Friday, 26 February 2016

Efficient traffic lights for cyclists and pedestrians

Many people don't like traffic lights. I am among them. However they are someone required to have safe crossings. It is preferable to avoid them if you can, a roundabout with not too much volume on your arm means that even while yielding to the cars still isn't too bad, and you can often have non stop journeys anyway. An underpass and sometimes overpass can also be used in some places. And having your route to avoid the main routes for motor traffic means that very often you can avoid traffic lights, and in many cases even roundabouts. And cycling away from motor traffic is more pleasant anyway. But at some point in Edmonton and almost everywhere else there is at least some place where there simply must be a traffic light in your path. Let's see how to make them as efficient, convenient and safe as possible.

First, let's make the lights themselves easier to use. I propose that the lights be on the nearside. But in order to see the traffic lights when you are first in the queue means that the stopping line either must be set back, or eye level lights must be used. I prefer the latter as more stacking room exists for other cyclists. The lights can have a countdown timer on them, to let you know how short the wait will be. Inductive loops in the surface makes it so that you don't have to press a button, but even there, there will be a backup button just in case the loop doesn't detect you. The waiting time indicator should begin counting down to let you know that you have been detected. Having a set of inductive loops as far away from the crossing as possible so that once no other path can be chosen by bicycle, it will know that you intend to cross, and will thus inform the traffic controller that you wish to cross.

But of course if the light cycles are too long, the waiting times are insensible or otherwise they are too inconvenient, people won't care if there is a button to press or not. So getting the waiting times right is essential.

First, have detection for the motor traffic as well. This means that if no motor traffic is detected, then why would there be a need of waiting for traffic that doesn't exist? Already this greatly improves the light sequencing. Most lights in Edmonton have a fixed time basis, meaning that once programmed the light cycles cannot be changed. This is just dumb. Also, we should have separate signals and separate detection systems for the different directions of motor traffic. Maybe I am coming from a side road and want to go straight on, but from my left there is traffic that is going to make a left turn. If that is the only traffic that wants to cross, and neither would be crossing each other's paths, why not let them go at the same time?

Next, when possible, make it so that all of the movements that you could want to do on a bicycle that don't cross the paths of motor traffic aren't controlled by traffic lights. Many right turns don't cross motor traffic, so no need to wait. Same with T intersections. Same with signalized pedestrian crossings. There is only a need of controlling interactions between motor traffic and other types of traffic when other control options fail, so there is no need of signalizing a conflict between cycle and pedestrian.

Thirdly, let's use simultaneous green for most crossroad intersections, probably with the exception of where in the suburbs major arterial roads cross, and the design of the paths makes it so that there is no need of cycling on both sides of the roads. This makes it much easier to have a left turn, it can be done in one go, and even for straight through cyclists, it is more pleasant to be cycling when motor traffic isn't going, and having separate light phases is safer when well designed.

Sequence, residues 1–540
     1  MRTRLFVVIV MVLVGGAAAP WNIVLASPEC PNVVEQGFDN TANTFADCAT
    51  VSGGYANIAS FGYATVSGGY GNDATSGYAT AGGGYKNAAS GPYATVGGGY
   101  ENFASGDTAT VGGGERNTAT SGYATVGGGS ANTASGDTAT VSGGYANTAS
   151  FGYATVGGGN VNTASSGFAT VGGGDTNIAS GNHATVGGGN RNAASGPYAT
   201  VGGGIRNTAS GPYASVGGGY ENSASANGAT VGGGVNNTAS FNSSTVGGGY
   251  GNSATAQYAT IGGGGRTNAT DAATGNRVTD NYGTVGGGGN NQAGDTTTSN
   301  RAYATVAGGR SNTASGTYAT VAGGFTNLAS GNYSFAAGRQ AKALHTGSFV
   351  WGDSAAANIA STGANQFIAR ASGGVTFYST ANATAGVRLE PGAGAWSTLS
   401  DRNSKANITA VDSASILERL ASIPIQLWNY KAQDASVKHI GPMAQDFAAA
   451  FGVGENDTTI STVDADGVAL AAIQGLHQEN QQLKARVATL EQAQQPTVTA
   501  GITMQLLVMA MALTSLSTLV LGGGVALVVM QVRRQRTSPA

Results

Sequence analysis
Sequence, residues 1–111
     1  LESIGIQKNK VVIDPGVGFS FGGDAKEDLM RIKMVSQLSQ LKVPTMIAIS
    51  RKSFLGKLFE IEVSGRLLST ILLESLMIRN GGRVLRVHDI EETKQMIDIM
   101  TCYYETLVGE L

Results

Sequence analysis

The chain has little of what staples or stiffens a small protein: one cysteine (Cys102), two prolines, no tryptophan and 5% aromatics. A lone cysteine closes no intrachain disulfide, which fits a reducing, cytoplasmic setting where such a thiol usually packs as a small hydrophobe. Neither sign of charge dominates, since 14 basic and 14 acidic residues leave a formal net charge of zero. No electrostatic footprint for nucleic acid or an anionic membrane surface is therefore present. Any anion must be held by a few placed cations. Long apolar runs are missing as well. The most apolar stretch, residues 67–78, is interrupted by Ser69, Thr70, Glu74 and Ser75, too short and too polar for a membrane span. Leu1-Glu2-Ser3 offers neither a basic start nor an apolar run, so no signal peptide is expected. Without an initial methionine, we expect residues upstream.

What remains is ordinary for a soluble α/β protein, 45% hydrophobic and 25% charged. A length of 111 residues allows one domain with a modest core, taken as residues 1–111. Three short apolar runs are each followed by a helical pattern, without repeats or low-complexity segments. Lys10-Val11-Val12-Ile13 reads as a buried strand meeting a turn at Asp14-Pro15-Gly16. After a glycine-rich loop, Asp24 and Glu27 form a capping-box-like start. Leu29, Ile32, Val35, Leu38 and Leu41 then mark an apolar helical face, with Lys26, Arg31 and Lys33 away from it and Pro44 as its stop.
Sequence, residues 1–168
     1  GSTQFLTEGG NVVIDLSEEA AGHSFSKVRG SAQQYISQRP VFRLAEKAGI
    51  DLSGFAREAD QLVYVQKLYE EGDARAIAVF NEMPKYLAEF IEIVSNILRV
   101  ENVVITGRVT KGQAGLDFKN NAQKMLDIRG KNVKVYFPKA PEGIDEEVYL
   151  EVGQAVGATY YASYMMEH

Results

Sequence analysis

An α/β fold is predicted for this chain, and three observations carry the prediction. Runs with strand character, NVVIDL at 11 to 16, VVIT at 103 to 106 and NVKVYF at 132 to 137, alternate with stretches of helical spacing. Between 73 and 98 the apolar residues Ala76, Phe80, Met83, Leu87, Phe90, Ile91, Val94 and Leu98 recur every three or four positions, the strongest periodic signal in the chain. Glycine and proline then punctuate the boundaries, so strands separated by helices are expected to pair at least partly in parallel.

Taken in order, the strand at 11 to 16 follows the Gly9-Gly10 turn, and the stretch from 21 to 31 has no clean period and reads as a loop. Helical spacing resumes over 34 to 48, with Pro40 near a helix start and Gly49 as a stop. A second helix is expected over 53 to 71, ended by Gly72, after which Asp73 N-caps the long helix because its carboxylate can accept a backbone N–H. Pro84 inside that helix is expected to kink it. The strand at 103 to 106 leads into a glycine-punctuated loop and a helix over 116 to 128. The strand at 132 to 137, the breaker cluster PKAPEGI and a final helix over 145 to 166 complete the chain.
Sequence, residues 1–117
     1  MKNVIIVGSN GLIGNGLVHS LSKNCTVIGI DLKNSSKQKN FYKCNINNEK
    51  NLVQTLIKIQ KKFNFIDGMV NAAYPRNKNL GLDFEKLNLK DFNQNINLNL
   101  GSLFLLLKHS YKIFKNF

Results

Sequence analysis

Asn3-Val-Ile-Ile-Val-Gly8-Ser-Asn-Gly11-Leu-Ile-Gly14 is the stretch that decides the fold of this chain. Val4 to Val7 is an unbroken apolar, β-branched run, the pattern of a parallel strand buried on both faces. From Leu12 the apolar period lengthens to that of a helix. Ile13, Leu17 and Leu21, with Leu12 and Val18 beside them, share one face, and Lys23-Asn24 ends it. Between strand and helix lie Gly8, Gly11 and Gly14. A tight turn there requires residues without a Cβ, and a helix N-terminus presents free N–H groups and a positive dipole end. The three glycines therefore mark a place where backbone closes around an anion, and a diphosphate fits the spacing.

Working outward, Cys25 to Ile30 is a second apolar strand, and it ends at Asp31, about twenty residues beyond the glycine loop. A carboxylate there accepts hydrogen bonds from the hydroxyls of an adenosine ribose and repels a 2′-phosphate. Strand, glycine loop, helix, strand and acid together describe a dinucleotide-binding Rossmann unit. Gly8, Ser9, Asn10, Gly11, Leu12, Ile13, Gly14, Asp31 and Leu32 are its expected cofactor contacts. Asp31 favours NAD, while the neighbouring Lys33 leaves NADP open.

For crossings that do not involve all arms of the intersection needing to be crossed by cyclists, then often having a default green to cyclists makes it more convenient to them. Motor traffic itself must trigger their own green. More efficient that way.

For intersections that do not have default to green for cyclists, then the lights should all default to don't move or red. This makes it so that you don't need to worry about the amber light runners, and you don't need the amber or red light clearance interval at all if the lights for everyone are red when you arrive but nobody else has just before you. The green light can be given to you immediately.

Crossings should be on the desire lines as much as possible. For some reason the city of Edmonton often doesn't do this at LRT crossings. Why are pedestrian crossings often in need of going 3/4 of the way around rather than a direct path for paths coming from side roads? And this applies more generally. I can't figure out why, but Edmonton consistently makes the wheelchair ramps angled at around 45 degrees so that it almost feels like a scramble crossing for pedestrians except there is never a desire of having that in most places around the city. Why not have them parallel with the routes, rather than a funny 45 degree angle?

And finally, retime the signal programming. It's less tempting to want to cross on red if you know that you have 2 20 second green lights rather than 1 40 second green. I know it involves more yellow lights, but we must take actual behavior into account. We can also give cyclists twice as much green light time as motorists with simultaneous green, or actually whenever cyclists and motor vehicles both have their own independent traffic signals.

We have many ways of making traffic lights more convenient. Why do we so often fail to make cycle and pedestrian journeys just as efficient and safe as motor vehicle journeys?

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